Week 10 – Coffee Region and Bogota

This week started off with a road trip through the coffee region and ended in Bogota with my sister Kelly visiting me. On the Thursday prior, we decided last minute that the best way to see the coffee region between Medellin and Bogota was to rent and car and take a 5 day road trip so that is exactly what we did. We wanted to recruit a couple of more people to share the cost of the car so we asked Larissa and Elles who we had met through Jordan and Sam. Larissa is from Germany and Elles was also from the Netherlands…so Viviane finally had a buddy to speak Dutch with. We planned the trip VERY loosely which means that we just rented the car and did a bit of research on what cities to spend the night in.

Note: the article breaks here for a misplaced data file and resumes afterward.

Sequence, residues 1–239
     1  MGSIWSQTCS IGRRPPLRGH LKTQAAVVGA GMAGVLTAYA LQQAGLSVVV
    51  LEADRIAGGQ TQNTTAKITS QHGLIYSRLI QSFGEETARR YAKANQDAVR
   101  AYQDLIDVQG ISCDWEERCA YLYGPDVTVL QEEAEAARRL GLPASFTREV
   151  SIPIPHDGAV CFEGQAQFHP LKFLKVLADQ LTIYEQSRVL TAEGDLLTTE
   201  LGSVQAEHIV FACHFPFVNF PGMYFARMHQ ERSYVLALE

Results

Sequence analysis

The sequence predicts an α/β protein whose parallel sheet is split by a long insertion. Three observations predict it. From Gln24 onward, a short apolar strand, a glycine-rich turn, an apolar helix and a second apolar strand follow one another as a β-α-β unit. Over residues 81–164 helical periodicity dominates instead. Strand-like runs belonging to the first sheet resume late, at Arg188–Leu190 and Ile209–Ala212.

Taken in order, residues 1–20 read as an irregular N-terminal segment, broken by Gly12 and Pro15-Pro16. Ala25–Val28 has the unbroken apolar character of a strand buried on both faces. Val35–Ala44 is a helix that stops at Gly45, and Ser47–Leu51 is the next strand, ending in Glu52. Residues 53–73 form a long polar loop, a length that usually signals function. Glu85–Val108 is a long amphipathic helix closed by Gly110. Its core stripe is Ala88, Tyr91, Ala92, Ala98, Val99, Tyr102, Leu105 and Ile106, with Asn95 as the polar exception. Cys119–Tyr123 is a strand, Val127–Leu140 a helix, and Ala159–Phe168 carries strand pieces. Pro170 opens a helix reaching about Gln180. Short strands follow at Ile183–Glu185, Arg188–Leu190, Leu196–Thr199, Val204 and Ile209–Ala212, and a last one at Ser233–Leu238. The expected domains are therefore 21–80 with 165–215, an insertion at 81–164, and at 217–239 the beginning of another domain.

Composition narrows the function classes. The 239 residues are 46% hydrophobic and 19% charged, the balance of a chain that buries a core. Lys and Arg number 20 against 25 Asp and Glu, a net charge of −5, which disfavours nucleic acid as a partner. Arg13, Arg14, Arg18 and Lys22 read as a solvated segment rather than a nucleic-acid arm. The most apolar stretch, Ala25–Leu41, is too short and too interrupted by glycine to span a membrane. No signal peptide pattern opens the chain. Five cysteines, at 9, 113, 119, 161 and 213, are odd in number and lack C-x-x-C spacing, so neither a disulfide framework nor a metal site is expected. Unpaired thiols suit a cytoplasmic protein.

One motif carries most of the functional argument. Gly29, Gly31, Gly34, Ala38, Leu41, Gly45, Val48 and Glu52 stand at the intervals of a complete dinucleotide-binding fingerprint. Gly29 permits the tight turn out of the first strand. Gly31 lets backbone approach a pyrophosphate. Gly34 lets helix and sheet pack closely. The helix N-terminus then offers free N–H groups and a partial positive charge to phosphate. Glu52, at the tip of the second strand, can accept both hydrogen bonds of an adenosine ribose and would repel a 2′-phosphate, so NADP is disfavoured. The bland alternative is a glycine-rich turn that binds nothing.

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And we are off on our road trip!

We picked up the car at noon on Saturday. It took the guy forever to fill out the paperwork and then even longer to get back to the hostel with the Medellin traffic. We loaded up the car very quickly (which was not a good idea because I later realized that I forgot all of my make up and jewelry in the hostel….so guess what! I am going back to Medellin! I love it there and wanted to go back anyway). Then we were off….on a 5 day road trip in Colombia! So we drove for maybe 2 hours before the first glitch in our plan happened.  We encountered a road block. So we asked a man that was waiting there with his truck and he said the road was closed until 5 pm. It is about 2pm right now. So we have to decide: do we wait here for 3 hours or do we try to find a way around? So, of course out comes the maps and phone and GPS and we try to find a road to Jardin another way. So began the real Colombian adventure.